Colonic ischemia is a condition where blood flow in the colon is reduced. It can cause damage to the affected area of the colon. Here’s everything you need to know about this condition.
Causes and Risk Factors
Colonic ischemia, as noted above, causes diminished blood flow in the colon. This can be caused by a number of things. Your risk increases if you have fatty buildups on an artery wall (atherosclerosis), extremely low blood pressure (often due to trauma, shock, surgery, or heart failure), or use cocaine or methamphetamine. Some disorders like lupus and sickle cell anemia can also be a cause of this condition.
Colonic ischemia is more common in adults over 60 and in women. If you have had abdominal surgery, scar tissue from the procedure can also reduce blood flow in some cases. Additionally, people with IBS are more likely to develop colonic ischemia.
Symptoms of Colonic Ischemia
Some of the most typical symptoms involved with this condition include abdominal pain or tenderness. This can be severe in some cases, and may also build gradually or occur suddenly. You can experience symptoms on the right or left side of your abdomen. Other symptoms also include nausea, vomiting, diarrhea, blood in your stool, and a feeling of urgency to defecate.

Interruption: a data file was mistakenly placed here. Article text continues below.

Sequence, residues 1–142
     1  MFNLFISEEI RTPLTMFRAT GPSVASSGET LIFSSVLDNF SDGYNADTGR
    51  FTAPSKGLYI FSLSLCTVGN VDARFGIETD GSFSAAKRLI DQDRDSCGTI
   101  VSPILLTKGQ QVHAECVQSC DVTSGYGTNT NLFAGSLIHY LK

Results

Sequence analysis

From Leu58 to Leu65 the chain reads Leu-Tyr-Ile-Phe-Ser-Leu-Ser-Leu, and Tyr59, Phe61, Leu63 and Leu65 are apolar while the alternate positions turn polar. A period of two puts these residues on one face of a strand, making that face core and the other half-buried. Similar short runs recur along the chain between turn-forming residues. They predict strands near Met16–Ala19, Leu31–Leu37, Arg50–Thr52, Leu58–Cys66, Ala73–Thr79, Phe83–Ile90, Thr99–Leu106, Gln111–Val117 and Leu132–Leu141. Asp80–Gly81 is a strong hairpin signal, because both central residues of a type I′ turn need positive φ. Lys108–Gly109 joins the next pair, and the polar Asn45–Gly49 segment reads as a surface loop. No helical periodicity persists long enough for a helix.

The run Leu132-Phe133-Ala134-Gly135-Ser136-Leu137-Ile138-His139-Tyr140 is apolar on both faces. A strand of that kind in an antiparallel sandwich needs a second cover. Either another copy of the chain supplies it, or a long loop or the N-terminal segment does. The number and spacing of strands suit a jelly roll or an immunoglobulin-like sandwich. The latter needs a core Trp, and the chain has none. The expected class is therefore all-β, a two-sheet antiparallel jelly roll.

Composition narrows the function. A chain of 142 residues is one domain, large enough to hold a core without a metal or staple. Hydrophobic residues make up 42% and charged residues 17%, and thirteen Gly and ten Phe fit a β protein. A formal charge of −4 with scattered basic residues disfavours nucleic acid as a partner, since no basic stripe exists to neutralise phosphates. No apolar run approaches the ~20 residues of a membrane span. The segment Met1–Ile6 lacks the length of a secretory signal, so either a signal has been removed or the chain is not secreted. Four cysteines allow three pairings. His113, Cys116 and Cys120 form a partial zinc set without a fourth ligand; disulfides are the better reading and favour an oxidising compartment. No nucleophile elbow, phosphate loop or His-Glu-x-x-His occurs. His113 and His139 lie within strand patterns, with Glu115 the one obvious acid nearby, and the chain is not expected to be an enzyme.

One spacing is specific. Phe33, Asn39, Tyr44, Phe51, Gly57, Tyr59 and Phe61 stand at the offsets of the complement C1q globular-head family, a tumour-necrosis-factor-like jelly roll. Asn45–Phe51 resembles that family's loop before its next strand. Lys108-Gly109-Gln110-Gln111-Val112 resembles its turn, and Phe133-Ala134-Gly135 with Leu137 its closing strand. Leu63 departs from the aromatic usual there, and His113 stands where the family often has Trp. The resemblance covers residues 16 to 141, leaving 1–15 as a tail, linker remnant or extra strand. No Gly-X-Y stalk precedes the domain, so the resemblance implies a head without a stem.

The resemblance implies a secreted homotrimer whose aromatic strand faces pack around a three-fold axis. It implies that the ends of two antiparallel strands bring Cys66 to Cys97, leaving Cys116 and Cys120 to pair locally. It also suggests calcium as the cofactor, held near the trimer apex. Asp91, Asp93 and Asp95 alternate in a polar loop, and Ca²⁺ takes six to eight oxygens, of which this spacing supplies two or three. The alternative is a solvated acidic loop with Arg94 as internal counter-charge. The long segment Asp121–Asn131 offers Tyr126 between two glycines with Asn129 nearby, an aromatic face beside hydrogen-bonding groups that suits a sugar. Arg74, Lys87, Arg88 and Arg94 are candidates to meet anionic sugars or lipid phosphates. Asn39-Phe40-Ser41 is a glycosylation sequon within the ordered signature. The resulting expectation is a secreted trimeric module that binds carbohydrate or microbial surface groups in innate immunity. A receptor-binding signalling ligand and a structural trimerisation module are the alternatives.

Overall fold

This condition is difficult to diagnose because its symptoms are also associated with a number of other disorders. Doctors diagnose colonic ischemia with a combination of medical history, a physical exam, and some testing procedures. They often start by charting your symptoms and identifying any potential risk factors. Your doctor may also check your abdominal area to identify the location of any pain. They may choose to order a CT scan to help visualize your colon and identify the cause of the symptoms. They may also perform a sigmoidoscopy or colonoscopy to see detailed images of your colon and potentially take a tissue biopsy. All of these tests are ways they can get at the underlying cause of your symptoms.
Treating Colonic Ischemia
Doctors treat this condition by helping proper blood flow return to the colon. In milder cases, this may just involve an IV to help you rehydrate. Your doctor may also prescribe antibiotics to prevent infections, and may suggest you avoid medications that constrict your blood vessels. If there is a specific underlying disorder that has caused colonic ischemia (like an irregular heartbeat), your treatment will involve treating that disorder.
In some cases, you may also need surgery to heal. This is for severe cases where your colon has undergone significant damage. Depending on your situation, doctors may repair any holes in your colon, remove dead tissue, or remove a portion of your colon.
Our experienced team at GHP has years of experience treating patients with conditions including colonic ischemia. We can help establish the best plan of care for your situation. Contact any of our office locations to learn about the options we offer and schedule an appointment today.